• Critical Care Medicine
articles by Seymour et al and Angus et al, which present conceptual frameworks to help patients, clinicians, researchers and hospitals apply the new definitions
These SCCM education efforts are ongoing. New resources will be added or updated as new information becomes available.
“It’s incredibly important that SCCM be a leader in these education efforts,” Dr. Coopersmith said. “SCCM has been a leader in all domains of sepsis for more than a decade—definitions, management, research, quality improvement and measurement. It will continue to be a resource for helping clinicians align these new definitions with their various work.”
Surviving Sepsis Campaign Response
Similarly, the Surviving Sepsis Campaign (SSC), a joint collaboration of SCCM and the European Society of Intensive Care Medicine committed to reducing mortality from severe sepsis and septic shock worldwide, is also working to educate hospitals and clinicians on the implications of the new definitions for current work. In March, members of the SSC Executive Committee issued a statement highlighting important considerations regarding the new definitions, including guidance for hospitals and clinicians in three important areas:
• Screening for, and management of, infection
• Screening for organ dysfunction and management of sepsis (formerly called severe sepsis)
• Identification and management of initial hypotension
The SSC statement, available at www.survivingsepsis.org
, currently does not advise significant clinical changes. It notes, “For hospitals who have prepared for the transition, screening for early identification and treatment of patients with sepsis (formerly called severe sepsis) should continue essentially as has been previously recommended by SSC.”
“The Surviving Sepsis Campaign has always served the needs of practicing clinicians,” said Mitchell M. Levy, MD, a member of both the Sepsis-3 task force and the SSC executive committee.
“Right now, practicing clinicians, particularly here in the United States, should continue to use the bundles, which are best-practice models for the treatment of sepsis. The new definitions should not interfere with that.”
While the new definitions and the introduction of qSOFA offer potential improvements in how clinicians diagnose, treat and report patients with sepsis, widespread adoption will take time and require further testing, Dr. Levy said.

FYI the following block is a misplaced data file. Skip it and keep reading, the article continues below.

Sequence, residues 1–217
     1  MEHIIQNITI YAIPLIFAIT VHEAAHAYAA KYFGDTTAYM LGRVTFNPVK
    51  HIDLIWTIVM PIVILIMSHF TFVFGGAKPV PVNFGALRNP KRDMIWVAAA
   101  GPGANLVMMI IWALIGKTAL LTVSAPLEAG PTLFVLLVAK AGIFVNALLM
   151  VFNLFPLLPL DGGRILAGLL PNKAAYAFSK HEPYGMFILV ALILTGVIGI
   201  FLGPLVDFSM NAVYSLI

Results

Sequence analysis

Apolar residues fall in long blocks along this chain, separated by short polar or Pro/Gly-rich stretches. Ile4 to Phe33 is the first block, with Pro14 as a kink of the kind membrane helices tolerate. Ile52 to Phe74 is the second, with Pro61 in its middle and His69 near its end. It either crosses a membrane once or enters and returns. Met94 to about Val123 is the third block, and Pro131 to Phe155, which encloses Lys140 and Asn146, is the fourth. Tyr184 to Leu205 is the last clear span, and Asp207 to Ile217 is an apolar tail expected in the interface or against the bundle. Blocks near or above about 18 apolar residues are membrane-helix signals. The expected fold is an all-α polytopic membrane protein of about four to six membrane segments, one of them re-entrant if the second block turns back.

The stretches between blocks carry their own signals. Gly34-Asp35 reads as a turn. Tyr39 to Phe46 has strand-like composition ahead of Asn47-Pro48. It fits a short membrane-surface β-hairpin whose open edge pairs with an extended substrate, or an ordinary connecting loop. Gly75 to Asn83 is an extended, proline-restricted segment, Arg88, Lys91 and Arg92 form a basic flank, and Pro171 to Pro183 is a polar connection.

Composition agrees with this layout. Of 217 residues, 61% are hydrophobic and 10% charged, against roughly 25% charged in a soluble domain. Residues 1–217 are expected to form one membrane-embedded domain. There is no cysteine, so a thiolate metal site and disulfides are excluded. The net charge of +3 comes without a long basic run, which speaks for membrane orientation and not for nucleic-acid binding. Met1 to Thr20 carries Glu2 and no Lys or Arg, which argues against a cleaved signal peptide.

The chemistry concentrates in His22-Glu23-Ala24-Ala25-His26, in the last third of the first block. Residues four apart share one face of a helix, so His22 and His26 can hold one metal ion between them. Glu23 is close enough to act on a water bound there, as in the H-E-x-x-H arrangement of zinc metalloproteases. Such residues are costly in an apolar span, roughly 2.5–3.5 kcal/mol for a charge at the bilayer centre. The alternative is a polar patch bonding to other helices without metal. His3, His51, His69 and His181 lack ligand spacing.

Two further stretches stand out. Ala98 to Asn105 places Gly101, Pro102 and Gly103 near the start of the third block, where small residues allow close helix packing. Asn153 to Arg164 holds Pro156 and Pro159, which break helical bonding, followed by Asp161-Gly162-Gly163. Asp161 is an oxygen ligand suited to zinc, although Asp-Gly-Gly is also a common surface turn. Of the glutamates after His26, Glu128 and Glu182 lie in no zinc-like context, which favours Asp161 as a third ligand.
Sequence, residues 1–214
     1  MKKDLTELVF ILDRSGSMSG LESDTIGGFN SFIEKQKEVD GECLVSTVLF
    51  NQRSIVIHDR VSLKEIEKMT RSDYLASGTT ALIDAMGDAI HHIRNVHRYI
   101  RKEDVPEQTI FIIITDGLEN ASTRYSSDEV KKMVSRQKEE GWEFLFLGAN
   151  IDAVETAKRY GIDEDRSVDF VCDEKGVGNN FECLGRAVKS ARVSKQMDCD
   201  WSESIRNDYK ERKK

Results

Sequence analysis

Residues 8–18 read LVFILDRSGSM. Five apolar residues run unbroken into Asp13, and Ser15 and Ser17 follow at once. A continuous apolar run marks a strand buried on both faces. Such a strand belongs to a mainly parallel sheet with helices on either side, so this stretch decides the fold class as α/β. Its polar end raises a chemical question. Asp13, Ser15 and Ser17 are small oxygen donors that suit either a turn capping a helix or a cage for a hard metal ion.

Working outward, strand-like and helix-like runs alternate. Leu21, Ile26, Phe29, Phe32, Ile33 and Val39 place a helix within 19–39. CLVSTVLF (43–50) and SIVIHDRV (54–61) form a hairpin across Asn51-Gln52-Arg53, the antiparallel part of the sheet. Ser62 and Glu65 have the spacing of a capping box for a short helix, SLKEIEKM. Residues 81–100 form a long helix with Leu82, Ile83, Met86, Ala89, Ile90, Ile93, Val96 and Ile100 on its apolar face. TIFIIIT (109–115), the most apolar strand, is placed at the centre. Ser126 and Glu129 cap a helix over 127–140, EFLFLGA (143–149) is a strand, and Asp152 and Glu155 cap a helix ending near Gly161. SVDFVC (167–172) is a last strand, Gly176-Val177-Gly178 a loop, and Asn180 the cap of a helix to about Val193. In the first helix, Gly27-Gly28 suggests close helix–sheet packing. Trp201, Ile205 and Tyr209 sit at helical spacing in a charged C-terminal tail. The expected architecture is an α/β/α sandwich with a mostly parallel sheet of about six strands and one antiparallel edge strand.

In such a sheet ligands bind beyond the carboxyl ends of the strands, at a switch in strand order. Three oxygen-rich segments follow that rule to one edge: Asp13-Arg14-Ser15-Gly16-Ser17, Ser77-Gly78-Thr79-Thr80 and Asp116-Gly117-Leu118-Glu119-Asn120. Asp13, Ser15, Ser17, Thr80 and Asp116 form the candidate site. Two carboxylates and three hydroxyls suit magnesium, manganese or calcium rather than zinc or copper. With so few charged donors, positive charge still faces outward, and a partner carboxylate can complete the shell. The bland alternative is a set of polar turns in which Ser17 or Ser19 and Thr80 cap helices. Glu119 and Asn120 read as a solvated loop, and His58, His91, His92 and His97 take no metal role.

“The task force believes that it’s a newer and better system, but we need prospective testing to prove it, and there will need to be a transition,” Dr. Levy said. “My advice to clinicians in the field is not to force it.”
Federal, state and Centers for Disease Control and Prevention initiatives on sepsis that use different definitions, along with others required by the Centers for Medicare & Medicaid Services (CMS) for coding, add to the challenge of clinical integration.
“Although we’re changing the definitions, a lot of the other [sepsis] initiatives and coding are not going to change rapidly,” Dr. Levy said. “We need to help clinicians balance their appreciation of the new definitions with the need to continue reporting to CMS and others. It’s a real challenge, and one in which SCCM really wants to help.”
In addition to offering clinical guidance regarding Sepsis-3
, the SSC statement advises hospitals on important considerations beyond the examination room.
“Hospitals should prepare for major changes that can alter fiscal considerations. Hospitals should develop detailed plans and educate their physician and nursing staff and their coding departments to ensure that their coders accurately capture the sense of the new definitions.”
The SSC statement concludes, “Sepsis team leaders should reinforce the message that the new definitions do not change the primary focus of early sepsis identification and initiation of timely treatment in the management of this vulnerable patient population.”